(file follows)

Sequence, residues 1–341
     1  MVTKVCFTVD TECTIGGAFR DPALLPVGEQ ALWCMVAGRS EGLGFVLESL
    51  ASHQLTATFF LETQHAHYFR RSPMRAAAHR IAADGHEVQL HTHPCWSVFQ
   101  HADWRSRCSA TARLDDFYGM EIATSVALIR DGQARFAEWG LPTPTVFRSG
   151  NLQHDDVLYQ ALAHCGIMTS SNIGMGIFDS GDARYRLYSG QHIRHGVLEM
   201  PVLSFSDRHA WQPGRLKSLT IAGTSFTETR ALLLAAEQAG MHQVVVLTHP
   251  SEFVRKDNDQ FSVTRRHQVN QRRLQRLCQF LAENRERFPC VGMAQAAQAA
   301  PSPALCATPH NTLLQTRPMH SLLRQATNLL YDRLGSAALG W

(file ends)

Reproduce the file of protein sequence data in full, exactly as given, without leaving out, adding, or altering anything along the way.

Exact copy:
Sequence, residues 1–341
     1  MVTKVCFTVD TECTIGGAFR DPALLPVGEQ ALWCMVAGRS EGLGFVLESL
    51  ASHQLTATFF LETQHAHYFR RSPMRAAAHR IAADGHEVQL HTHPCWSVFQ
   101  HADWRSRCSA TARLDDFYGM EIATSVALIR DGQARFAEWG LPTPTVFRSG
   151  NLQHDDVLYQ ALAHCGIMTS SNIGMGIFDS GDARYRLYSG QHIRHGVLEM
   201  PVLSFSDRHA WQPGRLKSLT IAGTSFTETR ALLLAAEQAG MHQVVVLTHP
   251  SEFVRKDNDQ FSVTRRHQVN QRRLQRLCQF LAENRERFPC VGMAQAAQAA
   301  PSPALCATPH NTLLQTRPMH SLLRQATNLL YDRLGSAALG W